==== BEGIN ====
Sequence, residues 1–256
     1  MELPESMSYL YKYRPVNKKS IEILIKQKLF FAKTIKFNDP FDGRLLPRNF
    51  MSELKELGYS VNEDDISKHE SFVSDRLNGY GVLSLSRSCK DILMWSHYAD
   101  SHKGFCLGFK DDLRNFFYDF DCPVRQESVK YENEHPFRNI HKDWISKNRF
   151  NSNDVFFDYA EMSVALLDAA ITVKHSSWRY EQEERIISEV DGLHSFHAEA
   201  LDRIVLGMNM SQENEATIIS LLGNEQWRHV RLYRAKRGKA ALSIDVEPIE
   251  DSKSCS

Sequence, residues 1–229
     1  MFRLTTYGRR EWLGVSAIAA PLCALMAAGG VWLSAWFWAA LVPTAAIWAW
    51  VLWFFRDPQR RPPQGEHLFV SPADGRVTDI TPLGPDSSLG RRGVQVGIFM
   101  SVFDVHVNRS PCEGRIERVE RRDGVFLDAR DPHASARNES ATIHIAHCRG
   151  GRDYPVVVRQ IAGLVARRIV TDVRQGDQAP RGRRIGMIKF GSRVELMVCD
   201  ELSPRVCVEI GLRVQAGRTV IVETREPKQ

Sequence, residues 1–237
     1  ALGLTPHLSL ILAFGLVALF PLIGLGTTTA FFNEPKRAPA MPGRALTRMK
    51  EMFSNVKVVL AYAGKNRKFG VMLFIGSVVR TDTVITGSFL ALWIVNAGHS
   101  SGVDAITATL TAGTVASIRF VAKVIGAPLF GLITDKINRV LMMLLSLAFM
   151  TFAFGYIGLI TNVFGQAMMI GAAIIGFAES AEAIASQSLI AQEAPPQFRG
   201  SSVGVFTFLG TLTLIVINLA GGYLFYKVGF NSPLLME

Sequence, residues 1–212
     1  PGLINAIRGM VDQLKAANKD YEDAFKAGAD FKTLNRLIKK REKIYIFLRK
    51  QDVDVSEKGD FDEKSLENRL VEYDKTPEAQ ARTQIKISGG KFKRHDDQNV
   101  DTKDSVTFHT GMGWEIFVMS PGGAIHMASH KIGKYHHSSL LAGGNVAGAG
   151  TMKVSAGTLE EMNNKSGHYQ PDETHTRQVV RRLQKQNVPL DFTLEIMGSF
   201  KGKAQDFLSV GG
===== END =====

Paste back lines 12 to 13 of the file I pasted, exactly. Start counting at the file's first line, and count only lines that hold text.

   151  GRDYPVVVRQ IAGLVARRIV TDVRQGDQAP RGRRIGMIKF GSRVELMVCD
   201  ELSPRVCVEI GLRVQAGRTV IVETREPKQ